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Re: ACTION-152 - Write up logged-in-means-out-of-band-consent

From: Alan Chapell <achapell@chapellassociates.com>
Date: Mon, 02 Apr 2012 09:54:26 -0400
To: Rigo Wenning <rigo@w3.org>, <public-tracking@w3.org>
CC: Jeffrey Chester <jeff@democraticmedia.org>, Shane Wiley <wileys@yahoo-inc.com>, Jonathan Mayer <jmayer@stanford.edu>, David Singer <singer@apple.com>, John Simpson <john@consumerwatchdog.org>
Message-ID: <CB9F24C9.182E3%achapell@chapellassociates.com>
HI Rigo - comments below.



On 4/1/12 4:06 PM, "Rigo Wenning" <rigo@w3.org> wrote:

>Alan, 
>
>1/ we do not set standards at W3C, we issue Recommendations. Being
>involved in 
>more traditional standardization, I know the difference between both and
>I'm 
>happy to explain, but I assume you know this at least as much as I do.

Thanks for the clarification, Rigo. You may want to direct this to
Jonathan and Jeff - as they are the ones that seem to be pushing for this
group to create consent standards. (Jonathan and Jeff - if there's a
nuance I'm missing, please let me know.)

> 
>
>2/ We do technical specification here. And this means we define a certain
>header that comes with a HTTP GET request. Now we define what the server
>should do in case the server receives that header and wants to be
>compliant to 
>the Recommendation. "Out-of-band" is creating the trouble, because it
>imports 
>troubles from outside in our definition space and we have to decide in
>how far 
>we accept that (see below)
>
>3/ Whether our factual specifications are accepted as "consent",
>"meaningful 
>consent" or "informed consent" is not up to the Group as those
>definitions are 
>under a different sovereignty. But what we can discuss is whether we want
>to 
>align with requirements as defined elsewhere. We do that e.g. by trying
>to get 
>some EU blessing with our tool so that it is really really useful for
>industry 
>there and by inviting those others to our table.

I'm not sure how aligning with a single jurisdiction's definition of
consent isn't tantamount to creating a pan-world consent standard based
upon that single jurisdictions laws. What works in the EU may not work
elsewhere. Again - I may be missing a nuance here.

>
>So, to me, the consent discussion is a wrong discussion here, but has
>some 
>merit. The problem of ISSUE-115 is that a user may not be consciously
>logged 
>in. (see my other email).  By allowing any "out-of-band" agreement to
>trump 
>DNT, ALL other sovereign definitions will trump DNT, whatever they are.
>This 
>will open the path back to the deep legalese that allows for all those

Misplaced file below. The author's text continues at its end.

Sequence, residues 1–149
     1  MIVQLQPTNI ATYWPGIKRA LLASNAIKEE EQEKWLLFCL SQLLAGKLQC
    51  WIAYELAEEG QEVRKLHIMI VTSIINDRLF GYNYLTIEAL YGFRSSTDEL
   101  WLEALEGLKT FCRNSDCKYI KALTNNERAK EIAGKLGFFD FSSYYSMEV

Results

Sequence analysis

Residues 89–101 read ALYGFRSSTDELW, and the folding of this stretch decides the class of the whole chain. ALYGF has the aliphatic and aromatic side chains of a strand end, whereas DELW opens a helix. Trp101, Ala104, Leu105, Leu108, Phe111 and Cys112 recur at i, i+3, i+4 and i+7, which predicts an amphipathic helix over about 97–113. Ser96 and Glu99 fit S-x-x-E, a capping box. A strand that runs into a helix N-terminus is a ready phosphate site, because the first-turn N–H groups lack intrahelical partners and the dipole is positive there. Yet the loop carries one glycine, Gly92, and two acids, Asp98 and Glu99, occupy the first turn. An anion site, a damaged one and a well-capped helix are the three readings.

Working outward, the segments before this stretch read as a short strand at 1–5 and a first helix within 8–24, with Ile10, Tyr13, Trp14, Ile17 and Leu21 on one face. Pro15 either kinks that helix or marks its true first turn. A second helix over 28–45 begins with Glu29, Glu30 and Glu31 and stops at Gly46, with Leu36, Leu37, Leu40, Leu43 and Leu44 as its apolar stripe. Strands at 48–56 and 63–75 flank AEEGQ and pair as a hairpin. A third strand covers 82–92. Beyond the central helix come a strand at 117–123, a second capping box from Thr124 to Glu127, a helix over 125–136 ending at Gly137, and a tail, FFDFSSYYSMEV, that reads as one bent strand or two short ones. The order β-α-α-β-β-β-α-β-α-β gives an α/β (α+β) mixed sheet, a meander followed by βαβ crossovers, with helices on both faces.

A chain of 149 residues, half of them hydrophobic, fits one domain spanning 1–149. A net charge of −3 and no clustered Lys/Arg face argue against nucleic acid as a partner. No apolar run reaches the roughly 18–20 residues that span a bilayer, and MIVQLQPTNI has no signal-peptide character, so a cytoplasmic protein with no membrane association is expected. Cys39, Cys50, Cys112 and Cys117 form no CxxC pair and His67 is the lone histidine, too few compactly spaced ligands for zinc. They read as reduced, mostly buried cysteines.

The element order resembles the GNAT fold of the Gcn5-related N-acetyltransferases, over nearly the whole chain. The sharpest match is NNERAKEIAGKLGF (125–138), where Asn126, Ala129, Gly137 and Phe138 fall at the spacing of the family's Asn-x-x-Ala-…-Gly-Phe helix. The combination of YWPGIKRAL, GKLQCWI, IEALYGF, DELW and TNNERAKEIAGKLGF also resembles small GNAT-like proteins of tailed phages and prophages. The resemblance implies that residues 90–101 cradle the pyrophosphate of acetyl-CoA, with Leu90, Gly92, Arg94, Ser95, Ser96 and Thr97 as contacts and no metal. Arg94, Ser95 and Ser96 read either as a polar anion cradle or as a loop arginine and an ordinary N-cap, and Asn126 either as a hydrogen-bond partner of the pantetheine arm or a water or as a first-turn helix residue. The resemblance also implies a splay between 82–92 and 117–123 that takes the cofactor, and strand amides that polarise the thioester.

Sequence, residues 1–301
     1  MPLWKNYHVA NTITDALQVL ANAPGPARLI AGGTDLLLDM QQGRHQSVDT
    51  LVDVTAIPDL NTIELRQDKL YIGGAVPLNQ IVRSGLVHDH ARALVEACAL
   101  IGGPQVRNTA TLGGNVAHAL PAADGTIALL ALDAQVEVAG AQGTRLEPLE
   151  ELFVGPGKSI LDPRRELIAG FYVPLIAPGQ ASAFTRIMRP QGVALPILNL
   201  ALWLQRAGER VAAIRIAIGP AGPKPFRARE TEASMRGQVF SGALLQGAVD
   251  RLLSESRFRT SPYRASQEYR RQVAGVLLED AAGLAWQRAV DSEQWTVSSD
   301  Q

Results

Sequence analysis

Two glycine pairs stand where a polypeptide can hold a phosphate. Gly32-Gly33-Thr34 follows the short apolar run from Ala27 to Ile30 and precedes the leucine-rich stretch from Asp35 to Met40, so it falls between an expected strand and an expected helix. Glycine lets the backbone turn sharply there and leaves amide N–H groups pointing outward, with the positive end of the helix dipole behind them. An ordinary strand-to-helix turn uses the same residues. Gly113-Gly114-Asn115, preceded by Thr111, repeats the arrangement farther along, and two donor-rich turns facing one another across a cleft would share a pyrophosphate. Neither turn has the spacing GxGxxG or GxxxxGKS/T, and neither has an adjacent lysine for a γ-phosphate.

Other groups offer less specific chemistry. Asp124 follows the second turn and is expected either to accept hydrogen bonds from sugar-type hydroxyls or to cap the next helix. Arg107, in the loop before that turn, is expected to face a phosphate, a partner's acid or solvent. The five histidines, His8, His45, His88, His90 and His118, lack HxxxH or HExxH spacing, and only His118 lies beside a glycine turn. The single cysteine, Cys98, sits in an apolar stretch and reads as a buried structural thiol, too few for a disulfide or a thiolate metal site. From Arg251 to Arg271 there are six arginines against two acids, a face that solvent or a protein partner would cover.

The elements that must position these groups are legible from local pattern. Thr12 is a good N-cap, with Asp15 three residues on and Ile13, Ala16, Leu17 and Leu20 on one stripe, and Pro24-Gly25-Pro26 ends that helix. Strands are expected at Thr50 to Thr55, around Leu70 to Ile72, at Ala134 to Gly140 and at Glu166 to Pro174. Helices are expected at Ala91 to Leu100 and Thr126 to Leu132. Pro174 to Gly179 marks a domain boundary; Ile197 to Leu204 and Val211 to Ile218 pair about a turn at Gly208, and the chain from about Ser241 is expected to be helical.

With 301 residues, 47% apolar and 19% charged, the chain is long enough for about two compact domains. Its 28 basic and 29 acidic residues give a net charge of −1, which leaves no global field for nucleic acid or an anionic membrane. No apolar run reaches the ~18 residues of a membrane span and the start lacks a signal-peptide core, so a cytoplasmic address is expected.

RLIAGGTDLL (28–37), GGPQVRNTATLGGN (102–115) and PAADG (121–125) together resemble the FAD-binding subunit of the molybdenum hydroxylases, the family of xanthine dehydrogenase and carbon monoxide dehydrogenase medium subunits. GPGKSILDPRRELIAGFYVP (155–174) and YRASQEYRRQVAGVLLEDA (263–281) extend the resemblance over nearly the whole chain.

>nice 
>surprises*.

I like the coffee example - But the FTC and other regulators already have
recourse if a business engages in these types of surprises. Do you agree?

> And this is just giving in to any outside authority to invent
>something that may serve as an argument to ignore the DNT signal and
>STILL 
>claim compliance. Accordingly, we are back into reading 22 pages of
>legalese 
>as they can tell whether the DNT signal will be ignored. And this would
>even 
>be compliant.

Again - regulators are free to take action to the extent they believe that
22 pages of legalese are unfair or deceptive based upon that jurisdictions
legal framework.

> This being compliant affects the value of the W3C Specification.
>And W3C is the venue where we talk about W3C Specifications. That's why I
>think we have a right to discuss criteria to put limitations on arbitrary
>"out-of-band" agreements and when we accept that those can compliantly
>top the 
>W3C Specification.
>
>This gives us a truckload of choices:
>
>1/ Try to really understand what Shane wants to avoid and define this to
>get 
>the Spec closer to reality

I think Shane has been pretty clear here. User consent trumps DNT.
>
>2/ Re-consider JC's solution to give DNT a meaning in a logged-in
>scenario 
>(David, I disagree that this would be too subtle)
>
>3/ require "direct interaction"
>
>4/ explore the browser-maker outrage if we start telling them they should
>show 
>us when we are logged in to something
>
>5/ Define the meaning of "logged in" for the compliance with the W3C
>Specification
>
>etc ... 
>
>If we brainstorm, there are more solutions..
>
>Best, 
>
>Rigo
>
>*My favorite example was that by buying a coffee maker you subscribed to
>receiving a pound of coffee every week for 5 years at an outrageous
>price. 
>(Court decision, Germany, 1957)
>
>On Thursday 29 March 2012 12:10:39 Alan Chapell wrote:
>> I don't think the issue is regarding 'commitment' to meaningful
>>consent. The
>> issue is whether this is the appropriate forum to set pan-world
>>standards
>> for consent. Hence, I await some clarification from our co-chairs on
>> process.
>
>
Received on Monday, 2 April 2012 13:55:44 UTC

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